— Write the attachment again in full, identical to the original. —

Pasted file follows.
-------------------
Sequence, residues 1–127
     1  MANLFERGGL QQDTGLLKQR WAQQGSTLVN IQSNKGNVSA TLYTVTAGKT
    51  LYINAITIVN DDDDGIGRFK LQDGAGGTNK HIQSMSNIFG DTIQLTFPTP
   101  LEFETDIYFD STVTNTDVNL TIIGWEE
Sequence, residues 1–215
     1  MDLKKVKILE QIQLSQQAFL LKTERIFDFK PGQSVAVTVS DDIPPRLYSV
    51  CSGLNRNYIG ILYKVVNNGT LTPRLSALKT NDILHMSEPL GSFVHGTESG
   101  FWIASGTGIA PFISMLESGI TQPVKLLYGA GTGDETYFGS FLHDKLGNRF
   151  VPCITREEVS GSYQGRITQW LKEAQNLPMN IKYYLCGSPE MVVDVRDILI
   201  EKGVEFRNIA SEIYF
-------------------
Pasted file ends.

Sequence, residues 1–127
     1  MANLFERGGL QQDTGLLKQR WAQQGSTLVN IQSNKGNVSA TLYTVTAGKT
    51  LYINAITIVN DDDDGIGRFK LQDGAGGTNK HIQSMSNIFG DTIQLTFPTP
   101  LEFETDIYFD STVTNTDVNL TIIGWEE
Sequence, residues 1–215
     1  MDLKKVKILE QIQLSQQAFL LKTERIFDFK PGQSVAVTVS DDIPPRLYSV
    51  CSGLNRNYIG ILYKVVNNGT LTPRLSALKT NDILHMSEPL GSFVHGTESG
   101  FWIASGTGIA PFISMLESGI TQPVKLLYGA GTGDETYFGS FLHDKLGNRF
   151  VPCITREEVS GSYQGRITQW LKEAQNLPMN IKYYLCGSPE MVVDVRDILI
   201  EKGVEFRNIA SEIYF